Felled approach black metal differently than many. There’s a lot of mournful folk imbued within these sonic landscapes, thanks to a lead violin which takes center stage as often as, if not more often than, the lead guitars. Dour atmosphere grips with a cold, unforgiving hand and drags you across snowy tundra, no thought given to your ability to weather the journey. All that matters is that the melodies and moods cut through your thin flesh-wrapper and find a home deep inside your marrow.” Intimate despair.

Winter Eternal – Land of Darkness

Winter Eternal – Land of Darkness

“Greek black metal is a well-established scene in one of metal’s most extreme subgenres, and for me personally, none more so than Winter Eternal. Although they may have relocated from Attica to Scotland, I’m still happy to bundle 2019’s Realm of the Bleeding Shadows with that enclave given its excellence. It was a low-key release which now sits in my top 5 melodic black metal records of the 2010s. Its key qualities include its crisp tone, strong melodies and brevity which it wrapped into a compelling package which almost seems over before it’s begun. Clearly the band was unhappy with just realms, so they’re now branching out into a Land of Darkness. Is this a land you should visit?” Dark tourism.

Mental Cruelty – A Hill to Die Upon Review

Mental Cruelty – A Hill to Die Upon Review

“Everyone loves a good comeback story. For German brutal deathcore quintet Mental Cruelty, their comeback story begins in 2018, wherein they rolled up on your beach brandishing a weapon of divine destruction named Pergatorium. Then, Inferis dropped less than a year later. To my dismay, that record abandoned much of what made Pergatorium fun and compelling, instead resorting to cheap genre tricks, lifeless breakdowns and unsatisfying symphonics. Looking back, I probably overrated Inferis by a half-point, such was my disappointment with the album after such a strong debut. Enter third installment A Hill to Die Upon.” Obsessed by (Mental) Cruelty.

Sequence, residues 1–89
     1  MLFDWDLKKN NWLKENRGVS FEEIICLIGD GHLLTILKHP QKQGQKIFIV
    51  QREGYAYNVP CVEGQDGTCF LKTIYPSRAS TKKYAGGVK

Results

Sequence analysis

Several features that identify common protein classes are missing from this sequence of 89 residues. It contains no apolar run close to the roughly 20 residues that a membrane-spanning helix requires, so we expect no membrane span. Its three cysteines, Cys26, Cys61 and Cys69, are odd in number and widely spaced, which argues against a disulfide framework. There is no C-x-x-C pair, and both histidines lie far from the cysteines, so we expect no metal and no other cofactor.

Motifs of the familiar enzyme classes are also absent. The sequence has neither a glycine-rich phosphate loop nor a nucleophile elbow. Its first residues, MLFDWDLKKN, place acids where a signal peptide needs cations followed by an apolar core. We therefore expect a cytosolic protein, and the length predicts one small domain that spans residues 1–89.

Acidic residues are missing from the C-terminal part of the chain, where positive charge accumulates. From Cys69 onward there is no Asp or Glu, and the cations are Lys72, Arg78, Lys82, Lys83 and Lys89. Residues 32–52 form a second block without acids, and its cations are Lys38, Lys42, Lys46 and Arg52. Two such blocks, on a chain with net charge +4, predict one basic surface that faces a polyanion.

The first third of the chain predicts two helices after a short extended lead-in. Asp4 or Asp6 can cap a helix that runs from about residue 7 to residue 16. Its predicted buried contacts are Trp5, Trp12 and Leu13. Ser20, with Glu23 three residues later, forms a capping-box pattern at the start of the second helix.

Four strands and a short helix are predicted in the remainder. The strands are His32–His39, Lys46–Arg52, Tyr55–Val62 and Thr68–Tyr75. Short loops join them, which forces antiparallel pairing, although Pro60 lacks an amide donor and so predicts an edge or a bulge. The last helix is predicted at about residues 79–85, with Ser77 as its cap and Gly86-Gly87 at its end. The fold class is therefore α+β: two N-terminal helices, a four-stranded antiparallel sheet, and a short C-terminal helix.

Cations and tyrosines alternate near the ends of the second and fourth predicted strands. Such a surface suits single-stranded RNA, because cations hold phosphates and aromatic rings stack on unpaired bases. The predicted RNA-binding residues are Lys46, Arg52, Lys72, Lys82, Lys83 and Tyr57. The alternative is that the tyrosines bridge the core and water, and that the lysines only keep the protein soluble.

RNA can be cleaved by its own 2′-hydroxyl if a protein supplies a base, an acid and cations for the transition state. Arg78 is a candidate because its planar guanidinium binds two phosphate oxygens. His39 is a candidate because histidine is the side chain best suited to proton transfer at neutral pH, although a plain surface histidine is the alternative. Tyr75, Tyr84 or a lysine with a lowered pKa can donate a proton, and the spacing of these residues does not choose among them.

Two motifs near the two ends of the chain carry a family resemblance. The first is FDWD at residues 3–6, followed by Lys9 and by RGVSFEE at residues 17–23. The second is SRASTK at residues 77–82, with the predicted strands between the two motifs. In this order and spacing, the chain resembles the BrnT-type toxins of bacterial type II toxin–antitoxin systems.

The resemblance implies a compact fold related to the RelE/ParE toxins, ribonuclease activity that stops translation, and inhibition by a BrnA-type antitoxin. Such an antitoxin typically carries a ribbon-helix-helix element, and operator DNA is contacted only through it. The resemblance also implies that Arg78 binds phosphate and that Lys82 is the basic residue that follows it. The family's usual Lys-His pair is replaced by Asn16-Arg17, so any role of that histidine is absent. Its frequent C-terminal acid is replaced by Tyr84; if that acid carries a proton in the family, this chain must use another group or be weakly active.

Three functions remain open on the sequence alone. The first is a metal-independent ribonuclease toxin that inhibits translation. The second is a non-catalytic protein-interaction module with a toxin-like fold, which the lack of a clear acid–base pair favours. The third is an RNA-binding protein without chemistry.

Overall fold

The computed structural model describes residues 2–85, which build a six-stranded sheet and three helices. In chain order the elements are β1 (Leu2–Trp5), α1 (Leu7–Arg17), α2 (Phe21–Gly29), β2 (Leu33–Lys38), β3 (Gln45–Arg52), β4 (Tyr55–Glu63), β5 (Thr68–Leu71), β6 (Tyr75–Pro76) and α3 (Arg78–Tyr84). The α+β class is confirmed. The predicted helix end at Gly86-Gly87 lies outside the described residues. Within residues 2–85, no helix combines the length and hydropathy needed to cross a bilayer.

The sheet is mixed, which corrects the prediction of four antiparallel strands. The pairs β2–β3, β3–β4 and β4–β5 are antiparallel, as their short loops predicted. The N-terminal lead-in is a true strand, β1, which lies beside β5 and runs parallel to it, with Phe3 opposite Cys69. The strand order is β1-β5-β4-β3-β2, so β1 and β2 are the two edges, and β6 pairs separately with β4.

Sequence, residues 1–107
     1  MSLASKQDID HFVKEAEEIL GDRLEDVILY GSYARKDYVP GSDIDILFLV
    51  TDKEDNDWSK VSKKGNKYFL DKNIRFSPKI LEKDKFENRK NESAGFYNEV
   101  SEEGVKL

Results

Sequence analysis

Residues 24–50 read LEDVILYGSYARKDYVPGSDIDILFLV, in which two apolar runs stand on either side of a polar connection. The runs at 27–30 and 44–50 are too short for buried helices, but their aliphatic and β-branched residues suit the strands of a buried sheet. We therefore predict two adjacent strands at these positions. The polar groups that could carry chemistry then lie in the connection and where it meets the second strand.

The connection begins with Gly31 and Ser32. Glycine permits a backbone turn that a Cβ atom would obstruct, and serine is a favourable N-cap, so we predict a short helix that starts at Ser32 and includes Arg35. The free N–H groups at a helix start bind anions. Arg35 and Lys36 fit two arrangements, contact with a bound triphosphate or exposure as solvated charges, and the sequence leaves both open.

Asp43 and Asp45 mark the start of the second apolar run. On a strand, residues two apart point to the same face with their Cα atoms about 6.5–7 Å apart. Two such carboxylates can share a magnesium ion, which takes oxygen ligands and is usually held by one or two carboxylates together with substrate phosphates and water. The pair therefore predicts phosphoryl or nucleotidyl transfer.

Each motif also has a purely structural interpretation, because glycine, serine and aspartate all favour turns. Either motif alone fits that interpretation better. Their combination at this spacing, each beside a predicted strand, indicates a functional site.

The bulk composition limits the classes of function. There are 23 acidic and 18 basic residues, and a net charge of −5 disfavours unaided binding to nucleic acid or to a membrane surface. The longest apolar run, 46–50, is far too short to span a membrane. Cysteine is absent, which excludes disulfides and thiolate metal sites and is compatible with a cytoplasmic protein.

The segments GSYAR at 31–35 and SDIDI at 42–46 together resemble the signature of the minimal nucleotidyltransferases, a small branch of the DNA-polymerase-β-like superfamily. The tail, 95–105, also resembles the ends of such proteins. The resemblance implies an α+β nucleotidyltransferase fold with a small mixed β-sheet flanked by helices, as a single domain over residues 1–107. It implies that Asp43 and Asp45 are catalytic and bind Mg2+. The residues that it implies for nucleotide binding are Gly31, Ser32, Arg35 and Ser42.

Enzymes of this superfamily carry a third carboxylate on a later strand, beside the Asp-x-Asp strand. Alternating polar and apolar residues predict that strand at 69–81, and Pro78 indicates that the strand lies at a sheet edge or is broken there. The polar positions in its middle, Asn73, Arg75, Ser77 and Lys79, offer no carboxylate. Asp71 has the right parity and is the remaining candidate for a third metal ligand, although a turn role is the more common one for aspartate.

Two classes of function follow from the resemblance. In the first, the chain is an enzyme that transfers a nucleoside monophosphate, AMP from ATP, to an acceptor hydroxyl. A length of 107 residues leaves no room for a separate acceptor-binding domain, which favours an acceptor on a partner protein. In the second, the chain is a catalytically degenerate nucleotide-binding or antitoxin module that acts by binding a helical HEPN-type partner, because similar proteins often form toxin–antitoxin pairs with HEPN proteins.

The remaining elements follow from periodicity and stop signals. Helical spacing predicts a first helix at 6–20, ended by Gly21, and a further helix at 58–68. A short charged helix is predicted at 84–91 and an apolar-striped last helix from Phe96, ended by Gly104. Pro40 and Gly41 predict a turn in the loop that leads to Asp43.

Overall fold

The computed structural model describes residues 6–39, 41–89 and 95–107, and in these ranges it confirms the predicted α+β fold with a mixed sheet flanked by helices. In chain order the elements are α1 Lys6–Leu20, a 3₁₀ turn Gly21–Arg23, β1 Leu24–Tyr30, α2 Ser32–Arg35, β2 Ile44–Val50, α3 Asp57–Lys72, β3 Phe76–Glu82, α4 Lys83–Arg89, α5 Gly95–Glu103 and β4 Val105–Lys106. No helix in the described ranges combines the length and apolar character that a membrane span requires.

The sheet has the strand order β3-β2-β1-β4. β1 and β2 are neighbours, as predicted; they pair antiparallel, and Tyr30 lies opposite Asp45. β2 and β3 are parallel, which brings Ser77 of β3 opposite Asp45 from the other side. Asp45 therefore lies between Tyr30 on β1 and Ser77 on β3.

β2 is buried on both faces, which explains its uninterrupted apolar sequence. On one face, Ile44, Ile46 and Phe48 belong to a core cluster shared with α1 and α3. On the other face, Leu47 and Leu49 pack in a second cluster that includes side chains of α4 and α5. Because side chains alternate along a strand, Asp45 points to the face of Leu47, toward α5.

Vreid – Wild North West Review

Vreid – Wild North West Review

“Like I Krig and Milorg, this new release is a concept album. Instead of learning some history, the concept here is the ups and downs of life as we wait for death. But, more specifically, bassist Hváll says the inspiration for Wild North West comes from his struggles, knowledge, and experience. One of the coolest parts about the album (not to bring Windir up again) is that some of what you’ll hear Valfar wrote back in 2002. Crazy enough, you’ll also hear him play it. He hasn’t risen from the grave, but it sure as shit feels like it.” Wild and dead.

Sarkrista – Sworn to Profound Heresy Review

Sarkrista – Sworn to Profound Heresy Review

“No one likes to be misled. Money is tight, we have bills to pay, so we all wanna know what we’re spending our precious cash on. When you see an album entitled “Sworn to Profound Heresy,” with a cover featuring malevolent-looking priests surrounding a burning church, you probably think you know what’s in store. When those clouds of billowing smoke feature an image of the dark lord, and the band is named after a church sexton, you might think that this was some satanic, second wave-worshipping black metal, probably from a bunch of European veterans. Well… you’d be absolutely right!” Maximum Satan.